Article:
In 2012-2013 California used the California Standards Tests (CSTs) to test students in English language arts in grades 2 through 11; math in grades 2 through 7; science in grades 5, 8 and 10; and history-social science in grades 8 and 11. Middle and high school students also took subject-specific CSTs in math and science, depending on the course in which they were enrolled. The CSTs are standards-based tests, which means they measure how well students are mastering specific skills defined for each grade by the state of California. The goal is for all students to score at or above proficient on the tests.

Source: California Department of Education

English Language Arts

The state average for English Language Arts was 65% in 2013.

34 students were tested at this school in 2013.

2013

 
 
30%

2012

 
 
64%

2011

 
 
65%

2010

 
 
66%
Math

The state average for Math was 72% in 2013.

35 students were tested at this school in 2013.

2013

 
 
43%

2012

 
 
52%

2011

 
 
66%

2010

 
 
53%
Scale: % proficient or advanced

About the tests


In 2012-2013 California used the California Standards Tests (CSTs) to test students in English language arts in grades 2 through 11; math in grades 2 through 7; science in grades 5, 8 and 10; and history-social science in grades 8 and 11. Middle and high school students also took subject-specific CSTs in math and science, depending on the course in which they were enrolled. The CSTs are standards-based tests, which means they measure how well students are mastering specific skills defined for each grade by the state of California. The goal is for all students to score at or above proficient on the tests.

Source: California Department of Education

English Language Arts

The state average for English Language Arts was 60% in 2013.

55 students were tested at this school in 2013.

2013

 
 
50%

2012

 
 
58%

2011

 
 
51%

2010

 
 
66%
Math

The state average for Math was 65% in 2013.

57 students were tested at this school in 2013.

2013

 
 
37%

2012

 
 
38%

2011

 
 
49%

2010

 
 
61%
Science

The state average for Science was 57% in 2013.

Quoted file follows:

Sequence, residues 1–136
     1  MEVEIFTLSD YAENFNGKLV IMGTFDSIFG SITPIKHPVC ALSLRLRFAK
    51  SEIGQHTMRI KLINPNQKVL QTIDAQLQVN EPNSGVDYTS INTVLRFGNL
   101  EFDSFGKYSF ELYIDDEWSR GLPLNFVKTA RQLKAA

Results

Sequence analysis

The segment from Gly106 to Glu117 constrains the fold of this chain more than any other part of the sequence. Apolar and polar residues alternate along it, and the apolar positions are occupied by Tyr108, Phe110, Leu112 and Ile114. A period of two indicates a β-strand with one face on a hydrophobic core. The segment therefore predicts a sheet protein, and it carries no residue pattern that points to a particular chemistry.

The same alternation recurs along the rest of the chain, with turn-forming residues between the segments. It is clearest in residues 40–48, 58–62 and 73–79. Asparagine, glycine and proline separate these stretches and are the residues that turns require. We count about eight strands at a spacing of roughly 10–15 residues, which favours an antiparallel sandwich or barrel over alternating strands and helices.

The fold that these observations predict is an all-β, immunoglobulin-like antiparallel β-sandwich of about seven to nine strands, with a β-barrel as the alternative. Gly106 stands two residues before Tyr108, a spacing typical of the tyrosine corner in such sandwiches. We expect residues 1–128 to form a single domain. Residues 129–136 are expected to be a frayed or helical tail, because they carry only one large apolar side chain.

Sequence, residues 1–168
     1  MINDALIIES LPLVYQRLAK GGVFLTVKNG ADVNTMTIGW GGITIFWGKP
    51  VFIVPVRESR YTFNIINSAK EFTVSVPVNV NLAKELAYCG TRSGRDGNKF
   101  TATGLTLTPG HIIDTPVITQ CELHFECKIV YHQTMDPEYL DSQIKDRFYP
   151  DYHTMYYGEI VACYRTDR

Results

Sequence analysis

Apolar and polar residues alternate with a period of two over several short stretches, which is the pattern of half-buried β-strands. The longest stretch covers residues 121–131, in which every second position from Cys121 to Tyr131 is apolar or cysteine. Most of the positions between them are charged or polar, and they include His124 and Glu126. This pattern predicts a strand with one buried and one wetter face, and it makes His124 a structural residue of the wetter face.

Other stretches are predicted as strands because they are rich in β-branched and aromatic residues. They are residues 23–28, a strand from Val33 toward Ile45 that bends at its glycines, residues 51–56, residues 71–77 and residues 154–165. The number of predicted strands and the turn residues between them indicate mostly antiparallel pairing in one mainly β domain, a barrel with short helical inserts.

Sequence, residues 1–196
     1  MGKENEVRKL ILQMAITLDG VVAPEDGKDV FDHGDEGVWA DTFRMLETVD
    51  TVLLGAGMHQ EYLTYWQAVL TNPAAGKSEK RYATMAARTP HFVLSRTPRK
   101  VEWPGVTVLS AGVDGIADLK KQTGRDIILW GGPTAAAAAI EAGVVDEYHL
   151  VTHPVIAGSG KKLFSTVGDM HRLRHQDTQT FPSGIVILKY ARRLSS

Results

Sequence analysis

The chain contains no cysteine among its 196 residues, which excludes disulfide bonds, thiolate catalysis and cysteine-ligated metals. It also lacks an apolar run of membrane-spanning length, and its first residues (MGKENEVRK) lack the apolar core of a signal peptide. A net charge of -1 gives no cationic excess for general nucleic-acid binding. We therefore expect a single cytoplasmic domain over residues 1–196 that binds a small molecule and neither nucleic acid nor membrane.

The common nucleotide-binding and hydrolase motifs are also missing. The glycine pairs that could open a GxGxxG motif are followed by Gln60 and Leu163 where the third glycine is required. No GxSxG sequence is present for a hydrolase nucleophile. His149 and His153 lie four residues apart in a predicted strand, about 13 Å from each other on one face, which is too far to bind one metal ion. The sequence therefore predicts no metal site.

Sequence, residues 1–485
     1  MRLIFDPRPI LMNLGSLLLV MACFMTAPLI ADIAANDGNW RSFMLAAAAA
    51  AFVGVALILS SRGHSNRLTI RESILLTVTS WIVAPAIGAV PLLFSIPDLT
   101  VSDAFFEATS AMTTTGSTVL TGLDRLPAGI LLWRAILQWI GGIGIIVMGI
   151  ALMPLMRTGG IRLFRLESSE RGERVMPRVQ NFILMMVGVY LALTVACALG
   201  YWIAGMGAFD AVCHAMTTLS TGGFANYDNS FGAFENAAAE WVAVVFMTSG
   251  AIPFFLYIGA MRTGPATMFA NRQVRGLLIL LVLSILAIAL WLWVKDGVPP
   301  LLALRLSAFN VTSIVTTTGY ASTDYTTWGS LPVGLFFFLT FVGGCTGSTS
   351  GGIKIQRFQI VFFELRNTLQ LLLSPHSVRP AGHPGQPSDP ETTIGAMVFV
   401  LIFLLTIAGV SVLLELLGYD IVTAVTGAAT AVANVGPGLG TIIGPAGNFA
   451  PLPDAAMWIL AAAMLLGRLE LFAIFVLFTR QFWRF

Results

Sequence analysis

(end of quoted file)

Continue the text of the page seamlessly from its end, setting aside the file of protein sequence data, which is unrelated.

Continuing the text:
54 students were tested at this school in 2013.

2013

 
 
35%

2012

 
 
55%

2011

 
 
50%

2010

 
 
71%
Scale: % proficient or advanced

About the tests


In 2012-2013 California used the California Standards Tests (CSTs) to test students in English language arts in grades 2 through 11; math in grades 2 through 7; science in grades 5, 8 and 10; and history-social science in grades 8 and 11. Middle and high school students also took subject-specific CSTs in math and science, depending on the course in which they were enrolled. The CSTs are standards-based tests, which means they measure how well students are mastering specific skills defined for each grade by the state of California. The goal is for all students to score at or above proficient on the tests.

Source: California Department of Education

English Language Arts

All Students32%
Females35%
Males25%
African Americann/a
Asiann/a
Filipinon/a
Hispanic or Latino15%
American Indian or Alaska Nativen/a
Native Hawaiiann/a
Pacific Islandern/a
Samoann/a
Other Pacific Islandern/a
White (not Hispanic)28%
Economically disadvantaged33%
Not economically disadvantagedn/a
Students with disabilityn/a
Students with no reported disability34%
English learnern/a
Fluent-English proficient and English only33%
Migrant educationn/a
Gifted and talentedn/a
Parent education - not a high school graduaten/a
Parent education - high school graduaten/a
Parent education - some college (includes AA degree)50%
Parent education - college graduaten/a
Parent education - graduate school/post graduaten/a